Friday, September 12, 2008

Let the Dutch Government Know How You Feel

Any readers of this blog should already know the depressing news--that a Dutch civil court sided with the Dutch state and dismissed the case against the Netherlands for their failure to prevent Srebrenica genocide in 1995 (see this article from Srebrenica Genocide Blog).

I urge any and all readers of this blog to contact the Dutch embassy in your country to express your dismay at this terrible, cowardly decision. For my readers in the United States and Canada, here is the link for Dutch embassys and consulates in both countries.

Websites for embassys are part of a state's presence in a foreign country--what a state chooses to include, highlight--and yes, exclude--in its embassy website reflects very careful and deliberate decisions in terms of public relations and diplomacy. In case you're wondering if the Dutch acknowledged this issue in their "virtual embassy"; well, the answer is no. However, the issue of human rights was not completely absent from the day's headlines: The very day the court handed down its decision, the embassy's website proudly announced that the Dutch Foreign Minister had just (the day before--September 9) created a new award for "Human Rights Defenders". No, I'm not making that up.

The award--a small statue of a tulip, with a cash prize as well--will be awarded annually to "an individual who has shown exceptional moral courage in protecting and promoting the rights of his or her fellow citizens." Perhaps the soldiers of Dutchbat should be nominated, since they pulled out all stops in their single-minded determination to preserve the lives of their fellow Dutch soldiers, most notably by meeting every demand, explicit and implicit, Mladic's troops made of them.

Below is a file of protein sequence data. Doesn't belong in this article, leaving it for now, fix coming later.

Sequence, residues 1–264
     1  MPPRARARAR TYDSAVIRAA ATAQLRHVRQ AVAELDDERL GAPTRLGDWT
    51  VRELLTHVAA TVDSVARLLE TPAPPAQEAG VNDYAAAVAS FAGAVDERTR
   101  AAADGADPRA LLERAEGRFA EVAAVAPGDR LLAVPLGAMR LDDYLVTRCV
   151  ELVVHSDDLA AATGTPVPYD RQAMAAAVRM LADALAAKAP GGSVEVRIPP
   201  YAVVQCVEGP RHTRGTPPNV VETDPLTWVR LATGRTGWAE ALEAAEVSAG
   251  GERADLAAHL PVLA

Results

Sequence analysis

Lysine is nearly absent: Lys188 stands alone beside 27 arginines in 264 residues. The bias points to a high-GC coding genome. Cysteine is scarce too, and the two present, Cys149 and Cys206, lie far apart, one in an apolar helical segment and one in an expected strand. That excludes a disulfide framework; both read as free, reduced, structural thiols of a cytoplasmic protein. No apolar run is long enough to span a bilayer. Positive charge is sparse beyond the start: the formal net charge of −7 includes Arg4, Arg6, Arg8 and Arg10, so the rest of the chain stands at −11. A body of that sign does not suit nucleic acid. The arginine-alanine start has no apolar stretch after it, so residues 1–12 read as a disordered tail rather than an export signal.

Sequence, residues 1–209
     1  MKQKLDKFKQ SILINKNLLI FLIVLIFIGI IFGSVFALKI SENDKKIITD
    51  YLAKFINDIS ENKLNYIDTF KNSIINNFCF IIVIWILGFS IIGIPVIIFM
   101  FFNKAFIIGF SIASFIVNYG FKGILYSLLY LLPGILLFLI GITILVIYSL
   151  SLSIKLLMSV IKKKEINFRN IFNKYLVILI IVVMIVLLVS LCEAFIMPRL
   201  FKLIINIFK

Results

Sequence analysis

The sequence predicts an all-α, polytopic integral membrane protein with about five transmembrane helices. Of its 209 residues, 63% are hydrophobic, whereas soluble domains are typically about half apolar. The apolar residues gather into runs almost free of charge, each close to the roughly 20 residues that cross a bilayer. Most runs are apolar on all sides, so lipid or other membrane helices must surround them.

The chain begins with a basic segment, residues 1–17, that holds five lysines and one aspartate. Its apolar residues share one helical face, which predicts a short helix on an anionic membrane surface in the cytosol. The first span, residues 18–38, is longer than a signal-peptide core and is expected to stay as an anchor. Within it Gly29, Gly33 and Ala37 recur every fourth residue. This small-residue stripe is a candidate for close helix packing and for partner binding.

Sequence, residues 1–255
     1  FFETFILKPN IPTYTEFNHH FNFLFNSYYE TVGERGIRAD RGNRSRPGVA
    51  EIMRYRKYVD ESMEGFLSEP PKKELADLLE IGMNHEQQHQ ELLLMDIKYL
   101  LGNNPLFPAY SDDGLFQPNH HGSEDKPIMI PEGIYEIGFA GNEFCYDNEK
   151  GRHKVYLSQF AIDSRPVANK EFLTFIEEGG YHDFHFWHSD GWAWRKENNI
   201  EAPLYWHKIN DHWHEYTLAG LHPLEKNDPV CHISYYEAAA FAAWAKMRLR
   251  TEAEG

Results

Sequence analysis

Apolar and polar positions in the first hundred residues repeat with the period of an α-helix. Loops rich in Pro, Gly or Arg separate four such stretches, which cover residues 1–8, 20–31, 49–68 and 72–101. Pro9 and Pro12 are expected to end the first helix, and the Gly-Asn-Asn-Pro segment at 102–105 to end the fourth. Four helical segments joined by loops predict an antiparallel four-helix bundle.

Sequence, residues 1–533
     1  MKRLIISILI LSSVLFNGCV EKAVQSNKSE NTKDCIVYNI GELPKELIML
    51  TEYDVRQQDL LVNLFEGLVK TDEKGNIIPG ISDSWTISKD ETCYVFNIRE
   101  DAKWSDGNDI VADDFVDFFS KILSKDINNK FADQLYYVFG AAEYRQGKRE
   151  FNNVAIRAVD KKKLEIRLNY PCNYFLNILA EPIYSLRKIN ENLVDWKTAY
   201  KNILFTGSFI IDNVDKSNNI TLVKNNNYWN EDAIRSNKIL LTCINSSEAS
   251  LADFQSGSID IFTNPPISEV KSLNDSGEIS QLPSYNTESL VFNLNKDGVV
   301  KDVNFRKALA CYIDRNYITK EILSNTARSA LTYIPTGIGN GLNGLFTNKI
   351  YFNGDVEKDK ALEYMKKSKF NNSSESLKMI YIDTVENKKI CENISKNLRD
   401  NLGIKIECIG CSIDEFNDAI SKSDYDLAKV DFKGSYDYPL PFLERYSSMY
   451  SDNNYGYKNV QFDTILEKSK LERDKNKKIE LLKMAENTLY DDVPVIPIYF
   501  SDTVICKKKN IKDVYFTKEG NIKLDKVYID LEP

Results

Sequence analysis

The first "Human Rights Tulip" will be presented later this year:

"‘The award will honour people who fight a difficult battle, often at great personal risk, and will lift them out of anonymity,’ said Mr Verhagen. The Human Rights Defenders Tulip has been created to highlight the prominence of human rights in Dutch foreign policy. It will be presented for the first time on 10 December this year, at a ceremony in the Ridderzaal (‘Knights’ Hall’) in The Hague."

I have no doubt that it will be a very touching ceremony. I doubt it will receive much coverage in Bosnia, however.


Anonymous said...

Sadly nominations for the award closed at the end of August. Breathtaking timing, isn't it?

Anonymous said...

Count me in. I am going to contact them immediately.

Anonymous said...

In the circumstances the following sounds a little anomalous:

"International Legal Order

A strong, effective international legal order is essential for a more equitable, peaceful and prosperous world and therefore for achieving the other objectives of Dutch foreign policy. Strengthening the international legal order means not only establishing standards, but also ensuring that they are complied with. It also means, if necessary, acting against transgressors. Access to the law and the dispensation of justice are indispensable instruments in doing so. Due legal process, at both national and international level, is still far from guaranteed everywhere. ...",international-legal-order

Anonymous said...

"Due legal process, at both national and international level, is still far from guaranteed everywhere..."


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